Two shades of green
Two shades of green

Two shades of green

The green movement, as commonly understood, embodies one idea I believe Christians should heartily endorse, and one I believe we should equally heartily reject.

November 14 th 2008

Without a doubt, "green" has become a major trend in recent years. It is hard to pick up a magazine or newspaper without seeing one or more articles on global climate change, green living, or sustainability. North American Christians have seemingly been of two minds on the topic, which I will caricature broadly. One group, which we might call traditional evangelicals, believe global climate change to be another leftist excuse for world government, and tend to be dismissive of the green movement. The other group, associated with younger and "emergent" congregations, have grabbed hold of environmental stewardship as one of many important causes that the traditional church has overlooked in its singular quest to save souls.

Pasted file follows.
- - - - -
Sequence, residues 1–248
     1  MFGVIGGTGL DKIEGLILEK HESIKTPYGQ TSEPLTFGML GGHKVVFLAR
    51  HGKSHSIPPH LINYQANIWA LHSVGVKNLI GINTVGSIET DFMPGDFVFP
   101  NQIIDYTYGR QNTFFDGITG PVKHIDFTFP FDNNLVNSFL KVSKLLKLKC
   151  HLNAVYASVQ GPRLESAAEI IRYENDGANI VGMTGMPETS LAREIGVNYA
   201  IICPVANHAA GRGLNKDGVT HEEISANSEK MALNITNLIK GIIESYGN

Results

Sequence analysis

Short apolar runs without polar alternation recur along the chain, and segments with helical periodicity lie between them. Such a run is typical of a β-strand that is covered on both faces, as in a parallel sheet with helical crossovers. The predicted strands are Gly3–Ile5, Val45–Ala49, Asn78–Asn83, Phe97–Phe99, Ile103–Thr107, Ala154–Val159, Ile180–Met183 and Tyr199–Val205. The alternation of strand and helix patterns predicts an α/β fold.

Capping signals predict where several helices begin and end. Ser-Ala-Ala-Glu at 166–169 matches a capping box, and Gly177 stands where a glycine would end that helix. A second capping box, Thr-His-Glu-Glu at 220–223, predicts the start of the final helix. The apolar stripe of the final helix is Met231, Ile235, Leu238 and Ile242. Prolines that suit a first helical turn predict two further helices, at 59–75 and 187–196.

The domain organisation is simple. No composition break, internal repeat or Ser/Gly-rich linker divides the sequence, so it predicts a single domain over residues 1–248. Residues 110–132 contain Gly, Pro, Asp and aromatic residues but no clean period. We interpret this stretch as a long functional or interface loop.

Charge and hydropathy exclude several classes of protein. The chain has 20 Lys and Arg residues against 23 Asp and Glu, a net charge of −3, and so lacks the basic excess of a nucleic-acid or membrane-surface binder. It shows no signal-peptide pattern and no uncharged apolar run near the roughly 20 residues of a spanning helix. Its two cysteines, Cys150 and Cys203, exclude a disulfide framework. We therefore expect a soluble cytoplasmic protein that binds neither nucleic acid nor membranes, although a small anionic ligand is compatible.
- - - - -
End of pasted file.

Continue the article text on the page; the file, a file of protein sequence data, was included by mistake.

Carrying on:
My view is that both camps are partly right, and both partly wrong. I am going to attempt to sketch a picture of an appropriate, Christian response to the issue of environmental stewardship, recognizing that this view will seem skewed to perhaps a majority of readers. I am not going to address the issue of global climate change per se, because I am not an expert, and because even experts disagree.

The green movement, as commonly understood, embodies one idea I believe Christians should heartily endorse, and one I believe we should equally heartily reject.

Light green

The idea under which we should join hands with environmentalists everywhere is the notion that we have a responsibility to care for the planet we have been given, and the accompanying recognition that, at least since the Industrial Revolution, we have not done a very good job of this. Creation care, as it is sometimes called, is a duty given to us in Genesis, when we were called, through our first parents, to cultivate and subdue the earth. In the last few centuries, though, Western society seems to have viewed "subdue" as a license to exploit and damage our terrestrial home. In my view, this exploitation has been a grievous sin, one in which the institutional church is implicated, and one for which we should be profoundly repentant. Repentance, I should point out, involves not only feeling sorry, but changing behaviors to pursue a different course.